Rate of home seizures rising

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SPRINGFIELD - There were two cars parked in front of 144-146 Prospect St. Friday morning; one of those cars sported a bright red banner that said "AUCTION."

"The property isn't foreclosed until I say 'Sold,'" said auctioneer Paul J. Traverse of Traverse Real Estate in Milton.

And that's exactly what happened about 90 seconds after the auction began without even the clap of a falling gavel. There was a single bidder at the sale.

The mortgage holder, LaSalle Bank NA, purchased the three-family home on a residential street a few blocks from Mercy Medical Center for $101,250.
"They need to protect their interest," said Ronald J. Marcella, an auctioneer from Dalton who represented LaSalle at the sale.

According to records at the Hampden County Registry of Deeds, the now-former owner, Moses Njenga, of Lowell, took an $184,000 mortgage on the property in 2005 when he bought it for $230,000. Njenga didn't return a call for comment in the wake of the foreclosure auction.

Nearly 3,000 Massachusetts homeowners had their property foreclosed in the first quarter of 2008, according to a study released Thursday by the Warren Group, a provider of real-estate data for New England. There were 1,167 foreclosure deeds filed across the state in March, more than twice the number - 486 - recorded a year ago. It was also up from the number recorded this February, which was 860.

"The number of people losing their homes to foreclosures shows no sign of abating," said Timothy Warren Jr., chief executive officer of the Warren Group. "The last time more than 1,000 foreclosure deeds were filed during one month was in August 2007 when 1,018 were filed," Warren said.

"We hope that represented something of a peak, but March's numbers have shown us that Massachusetts' foreclosure problems continue to worsen. With steady increases in petitions, I don't see this problem going away any time soon."

There were 560 foreclosure auction announcements in Hampden County through March, representing a 77.8 percent increase during the same three-month period a year before. In Hampshire County, there were 24 foreclosure auctions, down six from the first quarter of 2007. Franklin County bucked the trend with 11 auctions in the first three months of 2008, down from 39 auctions in the same period a year before, also according to the Warren Group which also publishes Banker & Tradesman.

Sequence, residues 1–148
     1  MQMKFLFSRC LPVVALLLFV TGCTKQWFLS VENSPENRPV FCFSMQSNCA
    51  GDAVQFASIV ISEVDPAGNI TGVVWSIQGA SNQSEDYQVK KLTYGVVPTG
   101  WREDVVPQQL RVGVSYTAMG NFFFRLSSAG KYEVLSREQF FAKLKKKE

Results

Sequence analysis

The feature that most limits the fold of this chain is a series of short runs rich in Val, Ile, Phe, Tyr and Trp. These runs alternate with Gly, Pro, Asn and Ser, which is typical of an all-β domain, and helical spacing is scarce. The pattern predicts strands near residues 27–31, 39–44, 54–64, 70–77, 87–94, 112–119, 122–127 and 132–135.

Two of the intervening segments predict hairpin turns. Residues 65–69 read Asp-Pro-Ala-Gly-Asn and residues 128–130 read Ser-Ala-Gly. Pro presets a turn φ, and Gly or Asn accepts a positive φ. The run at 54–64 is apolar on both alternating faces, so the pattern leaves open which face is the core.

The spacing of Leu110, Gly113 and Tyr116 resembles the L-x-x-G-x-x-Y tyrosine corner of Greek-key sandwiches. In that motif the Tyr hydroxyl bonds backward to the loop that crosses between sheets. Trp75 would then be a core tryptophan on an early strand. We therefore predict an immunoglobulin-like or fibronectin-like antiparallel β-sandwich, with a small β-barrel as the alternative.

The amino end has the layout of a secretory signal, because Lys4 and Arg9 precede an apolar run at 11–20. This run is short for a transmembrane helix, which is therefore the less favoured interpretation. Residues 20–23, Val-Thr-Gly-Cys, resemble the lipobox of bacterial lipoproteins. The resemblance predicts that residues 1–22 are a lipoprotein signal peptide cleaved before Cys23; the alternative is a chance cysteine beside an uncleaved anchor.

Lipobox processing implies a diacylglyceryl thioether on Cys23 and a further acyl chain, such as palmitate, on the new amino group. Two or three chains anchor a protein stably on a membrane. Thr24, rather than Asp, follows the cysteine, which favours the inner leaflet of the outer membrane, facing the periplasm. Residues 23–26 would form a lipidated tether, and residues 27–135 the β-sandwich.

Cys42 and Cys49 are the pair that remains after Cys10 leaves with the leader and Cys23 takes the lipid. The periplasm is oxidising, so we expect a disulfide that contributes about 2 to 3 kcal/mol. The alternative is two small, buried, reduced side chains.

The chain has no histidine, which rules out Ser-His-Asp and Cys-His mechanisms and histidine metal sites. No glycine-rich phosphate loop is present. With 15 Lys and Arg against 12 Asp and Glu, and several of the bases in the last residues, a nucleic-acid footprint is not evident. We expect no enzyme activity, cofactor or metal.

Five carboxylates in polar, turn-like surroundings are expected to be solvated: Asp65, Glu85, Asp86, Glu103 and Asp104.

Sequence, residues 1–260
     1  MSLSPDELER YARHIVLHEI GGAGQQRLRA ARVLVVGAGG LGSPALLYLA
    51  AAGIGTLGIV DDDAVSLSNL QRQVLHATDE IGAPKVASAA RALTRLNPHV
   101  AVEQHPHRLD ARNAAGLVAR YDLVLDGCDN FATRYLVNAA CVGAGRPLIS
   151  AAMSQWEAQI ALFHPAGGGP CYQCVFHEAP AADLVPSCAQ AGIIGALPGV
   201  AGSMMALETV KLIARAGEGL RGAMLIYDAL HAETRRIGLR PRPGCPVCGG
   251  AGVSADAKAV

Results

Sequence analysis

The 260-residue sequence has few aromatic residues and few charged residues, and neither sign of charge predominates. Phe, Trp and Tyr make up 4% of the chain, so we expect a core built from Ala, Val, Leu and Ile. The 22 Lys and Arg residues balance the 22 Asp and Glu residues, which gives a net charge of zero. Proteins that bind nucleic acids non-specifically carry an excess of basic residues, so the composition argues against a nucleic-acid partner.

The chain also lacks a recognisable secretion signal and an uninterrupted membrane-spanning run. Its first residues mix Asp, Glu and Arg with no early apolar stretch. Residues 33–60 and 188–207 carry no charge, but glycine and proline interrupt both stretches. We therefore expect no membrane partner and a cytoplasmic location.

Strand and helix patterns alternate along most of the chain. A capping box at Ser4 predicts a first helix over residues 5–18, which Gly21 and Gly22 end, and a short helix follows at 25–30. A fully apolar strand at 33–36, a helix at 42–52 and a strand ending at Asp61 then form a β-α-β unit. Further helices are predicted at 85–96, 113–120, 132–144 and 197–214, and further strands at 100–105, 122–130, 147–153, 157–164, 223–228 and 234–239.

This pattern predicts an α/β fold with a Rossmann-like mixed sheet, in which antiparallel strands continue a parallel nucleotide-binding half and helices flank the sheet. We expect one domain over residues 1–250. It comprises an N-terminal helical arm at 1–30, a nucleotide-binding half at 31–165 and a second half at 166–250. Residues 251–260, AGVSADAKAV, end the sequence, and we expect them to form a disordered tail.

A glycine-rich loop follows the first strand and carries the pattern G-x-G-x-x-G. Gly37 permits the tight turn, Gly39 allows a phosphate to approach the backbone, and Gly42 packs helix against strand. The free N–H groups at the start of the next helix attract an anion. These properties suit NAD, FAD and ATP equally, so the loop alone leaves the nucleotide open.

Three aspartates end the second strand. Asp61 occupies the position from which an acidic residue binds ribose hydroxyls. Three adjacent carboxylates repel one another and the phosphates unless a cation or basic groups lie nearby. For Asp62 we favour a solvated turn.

"I have 50 auctions scheduled in May," said Traverse, who works around the state. He said he used to see one property owner with several investment or business properties go into foreclosure on several properties.

Attorney David W. Young, of Agawam, said he's watched the numbers of foreclosures rise. "The courts are backed up because of the volume," he said.

Young, who also handles some foreclosures as an auctioneer, said he's not busier because he handles foreclosure sales for just a few local and regional banks. Instead, the increase is really coming from out-of-area lenders who offered a lot of mortgages to borrowers who didn't have the means to pay them back, Young said.

Owners are typically three or more months in arrears before the lender starts the foreclosure process, according to Young.

Mary R. Pennicooke, of Springfield, said she got a foreclosure letter from her lender in February. Pennicooke said she bought a house in Springfield two years ago with $18,000 down. Since then, she's lost her job and the payments on her adjustable-rate mortgage have gone from $1,200 a month to $1,600. "I wasn't earning $1,600 a month," she said.

Hina S. Sheikh, a head organizer with ACORN Housing Corp. in Springfield, said she's seen people's adjustable-rate mortgage payments go from $400 a month to $1,600. "They came in with these low teaser rates," Sheikh said. "A lot of people didn't know what they were getting into."

ACORN, a local branch of a national organization, helps consumers refinance their loans and avoid foreclosure.

Shepard D. Rainie, executive vice president and chief risk officer for Berkshire Bank, said his bank has no pending foreclosures in the Pioneer Valley. But, he noted, foreclosures might occur as economic conditions deteriorate, particularly if people lose jobs. High energy prices have also added to the economic pressures facing homeowners, Rainie said.

Traverse said some people come to foreclosure sales looking for places to live. But, he cautioned, it can be a tricky way to buy a home. For one thing, lots of auctions get canceled at the last moment because the borrower sells, refinances, declares bankruptcy or finds another way to halt the foreclosure.

Also, buyers at auctions don't typically go inside before the sale nor does anyone get a chance to make an inspection.

The buyer must put up a deposit, typically $10,000, and if they can't come up with the rest of the money or can't get a mortgage within 30 days, the deposit is gone. Buyers at auctions also "inherit" the tenants that come with multi-family homes, if there are any along with any back taxes, water and sewer bills.

"I tell people to check everything out at town or city hall," Traverse said. "Look at when the mortgage was dated. If that's two years ago, figure two years of back taxes. If they aren't paying the bank, they aren't paying the city."

Banks that buy back the property at sale will typically work with a real estate agent to sell the property conventionally after having it cleaned and hopefully at a higher price, Traverse said.

Warren M. Schreiber, owner of Biff-Way Auctions Inc. in Belchertown said foreclosed properties can range from deplorable to move-in condition.

"That's often a case where it was on the market with a real-estate agent," Schreiber said. "They just ran out of time."